Like an iceberg, our collective community’s response to the COVID-19 pandemic goes largely unseen — and only a small part of the work reaches the public’s eyes. I was privileged enough to be witness to part of the work that took place. I want to share a small glimpse into their story.
I was part of the county’s Emergency Operations Center for the COVID-19 response from its inception. Those that don’t know how an EOC works, let me give you a quick crash course. It is driven by a uniform process that is used at every level (local, state, federal) of emergency response called an Incident Command System. ICS creates a structure that allows emergency responders to speak a common language and organize in a fashion that facilitates the ability to quickly operationalize and logistically support a crisis response plan.
When the EOC was stood up on March 24, the Douglas Public Health Network had already been several weeks into an operational response mode to COVID-19 and had built an epidemiological team that is still the envy of most Oregon counties. DPHN is led by their executive director, Teresa Mutschler and their medical director, Dr. Robert Dannenhoffer, who is also the county’s public health official. The delegated leader of the county’s response was Commissioner Tim Freeman. He brought in KC Bolton, CEO of Aviva Health, who oversees local federally qualified health centers — and is also a retired Army colonel and combat veteran with emergency response experience in standing up hospitals in war zones.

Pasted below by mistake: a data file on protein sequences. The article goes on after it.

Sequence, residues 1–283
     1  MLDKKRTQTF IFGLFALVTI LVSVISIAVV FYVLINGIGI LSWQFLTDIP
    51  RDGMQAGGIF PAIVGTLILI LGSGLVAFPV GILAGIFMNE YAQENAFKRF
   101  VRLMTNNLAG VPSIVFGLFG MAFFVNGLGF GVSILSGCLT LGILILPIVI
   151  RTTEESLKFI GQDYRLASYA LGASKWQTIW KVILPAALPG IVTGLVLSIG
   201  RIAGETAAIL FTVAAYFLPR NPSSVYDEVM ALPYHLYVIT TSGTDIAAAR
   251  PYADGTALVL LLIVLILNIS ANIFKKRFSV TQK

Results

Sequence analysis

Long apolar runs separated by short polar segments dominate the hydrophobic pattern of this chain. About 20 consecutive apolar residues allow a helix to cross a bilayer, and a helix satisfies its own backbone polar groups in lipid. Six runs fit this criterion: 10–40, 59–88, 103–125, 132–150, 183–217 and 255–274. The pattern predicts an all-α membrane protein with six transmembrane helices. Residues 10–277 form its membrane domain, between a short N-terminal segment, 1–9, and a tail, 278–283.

KC was quickly designated as the incident commander, and Teresa Mutschler later became co-incident commander. He and Commissioner Freeman built an incident command team that included physicians — Dr. Dannenhoffer, Dr. Harry “Chip” Taylor, and Dr. Tanveer Bokhari — public health professionals, trained expert emergency managers, logistical experts, fiscal experts and public information professionals, from within and outside of county government. This was an impressive group of accomplished professionals, but the question in my mind was how, having never worked together, would they coalesce into highly functioning unit?
Commissioner Freeman led this group, and the first order of business was to develop incident command objectives:
- Minimize loss of life for Douglas County citizens through education, mitigation and containment
- Protect the medical system from being overwhelmed with cases by coordinating long term strategic response plans and identifying local thresholds with appropriate local response
- Ensure safety of all health care providers by facilitating the acquisition and distribution of available personal protective equipment by utilizing local, state and federal resources
- Ensure appropriate timely and coordinated communications to cooperators and the public
- Support operational needs by leveraging available Douglas County resources.